A few weeks ago, I got a call from a friend at 4 am. Actually, it was a call from an acquaintance, but now I consider him a friend. He had not been able to sleep and was feeling overwhelmingly anxious.
As we spoke, he articulated, with some difficulty, that the last few weeks had been tough. He was discouraged with his work, grieving over a lost relationship and, I think, feeling the weight of a heavy blanket of shame for not being able to cope.
He had not been eating well, doing much physical activity, sleeping at regular times, making space for creative projects, taking a sabbath or connecting with friends. He was feeling far from God and unable to pray, and this also confused and distressed him. Not to mention, every negative feeling is amplified in the middle of the night.
As we talked, my friend, still struggling to get the words out, also told me he had been using marijuana. He had gone to one of the new medical marijuana dispensaries in Vancouver, connected with an off-site doctor using an iPad, explained that he was experiencing anxiety and having trouble focusing and was given a prescription.
He had been consuming marijuana cookies and brownies fairly regularly for a month. These medical dispensaries, popping up all over Vancouver, are operating in a grey zone, as the various levels of government sort out who can produce marijuana. The police and city officials seem to be turning a blind eye for now. [On the day this story was being posted, articles appeared about the city cracking down on marijuana dispensaries; time will tell whether that will happen.]
Was his use of marijuana right or wrong? At 4 am, that was not a relevant question. What mattered is that he was reaching out to someone. We talked, prayed about it and then both got a little sleep.
When I checked in several days later, my friend was doing better. He had bought some groceries and was eating more. He had gone for several bike rides, and life was getting back to a good rhythm. He had even taken his camera out and got some good pictures of Vancouver’s spring flowers.
Then, five days after our initial conversation, my friend called again, around 8 am. I had a cup of coffee in my hand, was just starting to read the newspaper and was much more alert. He had had another rough night – insomnia, heart racing, nausea, paranoia.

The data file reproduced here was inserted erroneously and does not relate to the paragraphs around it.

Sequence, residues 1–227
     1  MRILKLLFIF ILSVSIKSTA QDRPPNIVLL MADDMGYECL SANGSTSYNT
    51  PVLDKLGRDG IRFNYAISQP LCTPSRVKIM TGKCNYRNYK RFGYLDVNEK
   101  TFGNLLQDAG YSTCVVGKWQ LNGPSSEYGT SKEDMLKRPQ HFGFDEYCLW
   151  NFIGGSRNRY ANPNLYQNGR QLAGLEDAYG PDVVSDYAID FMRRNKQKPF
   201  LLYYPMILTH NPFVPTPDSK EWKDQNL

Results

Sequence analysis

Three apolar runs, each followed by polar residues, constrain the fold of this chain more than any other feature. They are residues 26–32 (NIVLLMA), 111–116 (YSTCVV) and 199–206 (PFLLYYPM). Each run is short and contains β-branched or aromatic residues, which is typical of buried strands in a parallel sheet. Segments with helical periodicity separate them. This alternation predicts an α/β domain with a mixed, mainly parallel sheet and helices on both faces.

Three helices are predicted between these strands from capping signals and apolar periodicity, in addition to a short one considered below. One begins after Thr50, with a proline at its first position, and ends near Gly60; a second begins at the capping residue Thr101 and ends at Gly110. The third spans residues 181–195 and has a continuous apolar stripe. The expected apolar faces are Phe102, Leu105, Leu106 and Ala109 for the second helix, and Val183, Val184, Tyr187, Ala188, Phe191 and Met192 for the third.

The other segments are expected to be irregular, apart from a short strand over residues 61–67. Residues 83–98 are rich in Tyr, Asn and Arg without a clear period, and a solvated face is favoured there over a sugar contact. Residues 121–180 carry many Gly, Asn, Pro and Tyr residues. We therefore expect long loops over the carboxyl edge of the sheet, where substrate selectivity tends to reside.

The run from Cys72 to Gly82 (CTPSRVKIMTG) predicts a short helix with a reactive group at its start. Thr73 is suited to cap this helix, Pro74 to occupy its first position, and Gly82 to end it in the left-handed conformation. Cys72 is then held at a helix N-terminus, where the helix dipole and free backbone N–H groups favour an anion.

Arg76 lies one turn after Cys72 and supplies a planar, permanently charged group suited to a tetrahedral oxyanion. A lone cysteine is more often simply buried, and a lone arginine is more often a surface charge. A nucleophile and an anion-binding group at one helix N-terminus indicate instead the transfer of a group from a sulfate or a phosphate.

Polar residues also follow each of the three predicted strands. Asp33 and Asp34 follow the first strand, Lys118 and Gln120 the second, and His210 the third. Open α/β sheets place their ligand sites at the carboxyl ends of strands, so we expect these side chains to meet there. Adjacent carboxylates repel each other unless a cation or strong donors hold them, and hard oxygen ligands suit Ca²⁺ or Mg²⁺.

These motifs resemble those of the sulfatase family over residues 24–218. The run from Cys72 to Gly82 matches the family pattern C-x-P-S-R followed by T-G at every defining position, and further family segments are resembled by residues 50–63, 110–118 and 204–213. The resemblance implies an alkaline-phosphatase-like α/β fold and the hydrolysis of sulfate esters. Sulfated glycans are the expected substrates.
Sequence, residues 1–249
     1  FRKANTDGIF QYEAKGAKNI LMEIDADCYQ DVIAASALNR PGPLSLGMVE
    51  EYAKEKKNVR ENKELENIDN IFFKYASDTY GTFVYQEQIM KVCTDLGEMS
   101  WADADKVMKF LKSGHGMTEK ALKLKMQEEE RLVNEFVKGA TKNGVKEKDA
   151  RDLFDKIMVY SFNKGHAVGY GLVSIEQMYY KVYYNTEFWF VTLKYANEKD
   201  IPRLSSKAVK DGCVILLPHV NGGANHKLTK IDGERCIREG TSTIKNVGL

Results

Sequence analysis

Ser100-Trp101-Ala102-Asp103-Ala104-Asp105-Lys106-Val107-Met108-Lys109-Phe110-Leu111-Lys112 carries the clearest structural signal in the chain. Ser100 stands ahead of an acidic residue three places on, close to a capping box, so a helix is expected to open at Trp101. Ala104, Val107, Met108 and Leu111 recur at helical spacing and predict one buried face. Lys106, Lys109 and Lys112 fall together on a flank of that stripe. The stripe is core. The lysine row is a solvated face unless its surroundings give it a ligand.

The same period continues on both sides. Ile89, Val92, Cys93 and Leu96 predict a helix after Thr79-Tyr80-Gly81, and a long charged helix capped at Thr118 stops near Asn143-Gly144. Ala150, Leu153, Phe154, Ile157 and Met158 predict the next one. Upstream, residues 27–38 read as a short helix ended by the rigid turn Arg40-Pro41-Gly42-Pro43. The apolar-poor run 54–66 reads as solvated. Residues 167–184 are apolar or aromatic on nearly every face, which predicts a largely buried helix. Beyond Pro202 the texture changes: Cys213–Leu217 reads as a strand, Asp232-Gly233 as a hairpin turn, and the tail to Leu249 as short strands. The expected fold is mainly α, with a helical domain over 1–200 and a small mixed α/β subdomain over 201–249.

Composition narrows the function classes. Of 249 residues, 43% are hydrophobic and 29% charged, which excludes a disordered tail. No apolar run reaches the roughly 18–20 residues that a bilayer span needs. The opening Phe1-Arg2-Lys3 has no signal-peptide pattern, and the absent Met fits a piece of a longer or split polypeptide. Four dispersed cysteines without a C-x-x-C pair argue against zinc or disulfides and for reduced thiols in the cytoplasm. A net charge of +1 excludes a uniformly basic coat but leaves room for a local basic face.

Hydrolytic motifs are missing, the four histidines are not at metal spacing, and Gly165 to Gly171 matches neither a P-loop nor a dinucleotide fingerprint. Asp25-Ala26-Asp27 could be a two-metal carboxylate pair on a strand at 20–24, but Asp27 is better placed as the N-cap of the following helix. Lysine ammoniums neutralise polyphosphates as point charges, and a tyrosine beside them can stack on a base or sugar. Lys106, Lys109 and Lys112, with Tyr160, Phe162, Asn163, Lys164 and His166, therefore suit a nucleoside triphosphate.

I was about to take him to the ER, when he told me he had not consumed any marijuana since our last conversation. We spent the next hour looking online at marijuana withdrawal symptoms. My friend was experiencing most of them, right on schedule.
I can only imagine how hard it was for my friend to call me that night. And yet having caring people to journey with is vitally important. What can we do to equip ourselves to be a support when others are struggling?
• Make it acceptable to talk about hard times. People need, more than anything, to connect with a compassionate individual when life is falling apart.
• Be intentional about self care – whether personally experiencing a mental health crisis or walking alongside a friend with one, we need to take care of ourselves physically, so we are able to offer other kinds of support. Last week, I went over to my friend’s place and we made a big pot of curry together – enough for dinner for both of us for a few days.
Karen Giesbrecht is a registered dietitian with CityGate Leadership Forum, one of the founding partners of Planted, which is helping to cultivate collaboration toward a sustainable and equitable local food system in Metro Vancouver. Within this broader food security network, CityGate nurtures a community of practice for faith-based programs offering a deeper hospitality that moves beyond traditional charity. She takes great delight in sharing good meals with her family, friends and those in her community who are hungry.